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Article ReferenceTime-use Profiles, Chronic Role Overload, and Women’s Body Weight Trajectories from Middle to Later Life in the Philippines
Although chronic life strain is often found to be associated with adverse health outcomes, empirical research is lacking on the health implications of persistent role overload that many women around the world are subject to, the so-called double burden of work and family responsibilities. Using data from the Cebu Longitudinal Health and Nutrition Survey (1994-2012), we examined the linkage between time-use profiles and body mass index (BMI) trajectories for Filipino women over an 18-year span. Out of the four classes of women with differential levels of a combination of work and family duties, the group with the heaviest double burden has the highest average BMI. In addition, those who have remained in this class for three or more waves of data not only have higher BMI on average but also have experienced the steepest rate of increase in BMI upon transition from midlife to old age.
Located in Retired Persons / Feinian Chen, Ph.D. / Feinian Chen Publications
Article Reference Troff document (with manpage macros)Better a Friend Nearby Than a Brother Far Away? The Health Implications of Foreign Domestic Workers’ Family and Friendship Networks
Migrant domestic workers provide essential services to the families they live with, but they are not considered a part of the family. As a group, they are not well-integrated into the society and often suffer from social isolation. In this article, we explore the potential health buffering effects of their personal network, in terms of family and friendship ties in both the local community and their home country. Existing literature provides inconsistent evidence on who and what matters more, with regard to the nature, strength, and geographic locations of individual personal networks. Using data from the Survey of Migrant domestic Workers in Hong Kong (2017), we find that family ties are extremely important. The presence of family members in Hong Kong as well as daily contact with family, regardless of location, are associated with better self-reported health. Only daily contact with friends in Hong Kong, not with friends in other countries, promotes better health. We also find evidence that the protective effects of family and friends networks depend on each other. Those foreign domestic workers with families in Hong Kong but also maintain daily contact with friends have the best self-reported health among all.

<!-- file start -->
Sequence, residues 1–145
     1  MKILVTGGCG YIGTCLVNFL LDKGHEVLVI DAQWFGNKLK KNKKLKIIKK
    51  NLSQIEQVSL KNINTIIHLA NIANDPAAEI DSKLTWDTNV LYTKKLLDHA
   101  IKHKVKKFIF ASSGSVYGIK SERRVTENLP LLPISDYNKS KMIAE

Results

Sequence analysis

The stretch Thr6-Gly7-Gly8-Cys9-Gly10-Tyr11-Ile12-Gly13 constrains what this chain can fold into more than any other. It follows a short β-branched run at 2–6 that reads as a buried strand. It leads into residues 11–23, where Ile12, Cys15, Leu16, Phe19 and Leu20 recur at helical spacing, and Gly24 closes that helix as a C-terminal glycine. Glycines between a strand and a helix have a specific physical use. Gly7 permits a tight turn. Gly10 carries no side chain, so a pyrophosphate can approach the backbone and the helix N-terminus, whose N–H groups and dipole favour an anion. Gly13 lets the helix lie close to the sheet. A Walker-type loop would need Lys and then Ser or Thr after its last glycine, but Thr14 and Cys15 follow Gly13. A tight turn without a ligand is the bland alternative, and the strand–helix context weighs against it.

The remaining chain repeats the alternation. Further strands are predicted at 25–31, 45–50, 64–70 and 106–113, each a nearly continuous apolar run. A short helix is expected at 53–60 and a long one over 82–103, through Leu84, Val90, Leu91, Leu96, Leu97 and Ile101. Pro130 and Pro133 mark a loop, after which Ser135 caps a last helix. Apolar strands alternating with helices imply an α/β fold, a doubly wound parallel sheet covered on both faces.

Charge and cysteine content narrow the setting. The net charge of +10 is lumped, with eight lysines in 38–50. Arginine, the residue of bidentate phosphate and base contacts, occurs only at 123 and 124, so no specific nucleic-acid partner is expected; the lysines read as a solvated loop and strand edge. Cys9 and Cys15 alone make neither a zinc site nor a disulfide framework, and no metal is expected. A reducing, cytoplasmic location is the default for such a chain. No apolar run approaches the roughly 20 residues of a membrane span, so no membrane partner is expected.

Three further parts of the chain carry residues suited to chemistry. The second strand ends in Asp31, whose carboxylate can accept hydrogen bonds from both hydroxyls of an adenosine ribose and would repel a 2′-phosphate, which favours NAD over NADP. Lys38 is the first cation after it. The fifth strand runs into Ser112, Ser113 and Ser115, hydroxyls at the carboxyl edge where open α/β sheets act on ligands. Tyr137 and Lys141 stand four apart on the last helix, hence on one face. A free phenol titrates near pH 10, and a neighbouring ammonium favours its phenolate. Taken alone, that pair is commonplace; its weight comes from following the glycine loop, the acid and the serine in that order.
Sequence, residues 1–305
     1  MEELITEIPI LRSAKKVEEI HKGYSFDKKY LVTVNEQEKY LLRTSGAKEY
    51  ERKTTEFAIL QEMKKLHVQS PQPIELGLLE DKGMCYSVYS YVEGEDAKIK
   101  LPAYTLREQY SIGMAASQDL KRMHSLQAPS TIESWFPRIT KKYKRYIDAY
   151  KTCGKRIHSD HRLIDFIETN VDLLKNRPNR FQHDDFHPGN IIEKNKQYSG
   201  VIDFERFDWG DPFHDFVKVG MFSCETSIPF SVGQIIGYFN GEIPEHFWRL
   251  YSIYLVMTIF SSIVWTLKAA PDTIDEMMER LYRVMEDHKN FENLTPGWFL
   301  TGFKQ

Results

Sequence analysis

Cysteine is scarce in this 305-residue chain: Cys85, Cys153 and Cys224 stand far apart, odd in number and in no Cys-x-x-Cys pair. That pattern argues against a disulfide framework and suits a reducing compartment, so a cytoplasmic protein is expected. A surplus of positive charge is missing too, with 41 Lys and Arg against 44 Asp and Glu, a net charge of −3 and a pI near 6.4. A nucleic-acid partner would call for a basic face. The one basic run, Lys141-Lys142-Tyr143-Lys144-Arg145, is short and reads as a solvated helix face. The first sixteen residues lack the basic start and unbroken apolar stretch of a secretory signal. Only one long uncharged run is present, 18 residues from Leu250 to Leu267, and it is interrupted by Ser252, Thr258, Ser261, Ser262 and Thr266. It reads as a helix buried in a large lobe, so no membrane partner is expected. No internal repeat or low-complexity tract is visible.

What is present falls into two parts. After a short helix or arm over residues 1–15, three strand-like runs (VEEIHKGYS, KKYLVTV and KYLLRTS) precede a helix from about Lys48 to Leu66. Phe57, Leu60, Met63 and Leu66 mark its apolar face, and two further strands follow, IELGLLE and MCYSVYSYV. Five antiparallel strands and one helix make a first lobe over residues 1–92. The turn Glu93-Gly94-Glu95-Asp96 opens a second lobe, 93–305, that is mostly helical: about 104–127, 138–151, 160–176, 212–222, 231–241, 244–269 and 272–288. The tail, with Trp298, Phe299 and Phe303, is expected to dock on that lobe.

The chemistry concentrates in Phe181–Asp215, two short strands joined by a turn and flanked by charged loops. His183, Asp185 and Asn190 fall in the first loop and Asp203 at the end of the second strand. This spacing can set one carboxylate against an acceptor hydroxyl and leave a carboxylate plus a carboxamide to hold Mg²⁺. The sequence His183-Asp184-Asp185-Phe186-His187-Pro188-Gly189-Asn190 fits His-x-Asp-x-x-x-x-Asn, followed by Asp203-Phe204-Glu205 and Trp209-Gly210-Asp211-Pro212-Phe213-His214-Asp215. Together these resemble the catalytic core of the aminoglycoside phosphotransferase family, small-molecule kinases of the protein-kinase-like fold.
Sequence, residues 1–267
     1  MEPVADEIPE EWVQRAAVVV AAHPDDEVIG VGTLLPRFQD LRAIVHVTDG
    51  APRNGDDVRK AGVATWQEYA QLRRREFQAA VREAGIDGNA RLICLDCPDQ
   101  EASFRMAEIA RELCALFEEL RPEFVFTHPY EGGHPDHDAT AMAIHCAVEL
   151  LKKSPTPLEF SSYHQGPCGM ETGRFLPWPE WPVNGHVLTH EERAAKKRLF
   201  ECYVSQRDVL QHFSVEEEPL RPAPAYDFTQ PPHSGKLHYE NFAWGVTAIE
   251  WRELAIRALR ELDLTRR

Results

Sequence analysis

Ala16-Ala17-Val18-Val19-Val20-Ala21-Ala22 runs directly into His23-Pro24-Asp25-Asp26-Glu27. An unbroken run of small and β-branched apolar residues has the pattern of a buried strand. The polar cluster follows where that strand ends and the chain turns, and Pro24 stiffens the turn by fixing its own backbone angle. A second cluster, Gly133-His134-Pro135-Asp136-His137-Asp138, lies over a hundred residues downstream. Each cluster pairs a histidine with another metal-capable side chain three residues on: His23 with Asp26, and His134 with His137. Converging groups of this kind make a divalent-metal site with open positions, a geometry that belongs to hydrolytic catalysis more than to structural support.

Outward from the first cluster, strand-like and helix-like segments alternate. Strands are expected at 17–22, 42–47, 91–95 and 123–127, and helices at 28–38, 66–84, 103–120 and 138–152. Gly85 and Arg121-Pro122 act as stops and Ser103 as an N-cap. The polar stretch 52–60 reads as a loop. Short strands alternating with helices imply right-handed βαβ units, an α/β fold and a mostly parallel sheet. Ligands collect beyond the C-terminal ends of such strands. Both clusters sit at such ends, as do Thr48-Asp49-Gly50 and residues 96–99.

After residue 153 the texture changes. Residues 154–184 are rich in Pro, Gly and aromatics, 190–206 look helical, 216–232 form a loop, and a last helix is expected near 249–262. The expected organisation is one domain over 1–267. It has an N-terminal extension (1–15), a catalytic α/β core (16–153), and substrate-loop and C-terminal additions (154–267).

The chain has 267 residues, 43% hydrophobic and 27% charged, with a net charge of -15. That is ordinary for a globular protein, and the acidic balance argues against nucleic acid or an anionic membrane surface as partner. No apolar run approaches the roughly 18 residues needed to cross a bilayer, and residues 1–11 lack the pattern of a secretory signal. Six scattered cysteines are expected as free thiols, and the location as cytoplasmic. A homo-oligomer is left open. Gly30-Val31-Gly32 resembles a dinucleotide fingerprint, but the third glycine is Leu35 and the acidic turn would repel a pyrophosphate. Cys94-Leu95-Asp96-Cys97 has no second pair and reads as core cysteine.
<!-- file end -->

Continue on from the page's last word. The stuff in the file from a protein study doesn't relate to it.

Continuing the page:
Located in Retired Persons / Feinian Chen, Ph.D. / Feinian Chen Publications
MPRC Affiliate Judith Shinogle
Dr. Shinogle was killed in an automobile accident on 20 May
Located in News
Recession brought downward trend in doctor visits
Mortensen study examines recession effects on health delivery
Located in News
Who are the happiest Americans ?
Faculty Associate John Robinson tracks trends from 1965 to 2010
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Rashawn Ray profiled by Robert Wood Johnson Foundation
A member of RWJF Scholars in Health Research program
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Hofferth decries politicization of health care in Baltimore Sun Op-Ed
Calls statements by Eric Cantor and others a "red herring" to avoid uncomfortable policy questions
Located in News
Why Women Live Longer
Faculty Associate Philip Cohen points to male smoking habits as an important factor in understanding the relative longevity of women
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Jogging While Black
Sociologist Rashawn Ray speaks out about the fears that keep many African Americans from exercising
Located in News
Rada Dagher Corrects Misinformation About Postpartum Depression and Postpartum Psychosis
Better diagnosis and care is needed for new moms
Located in News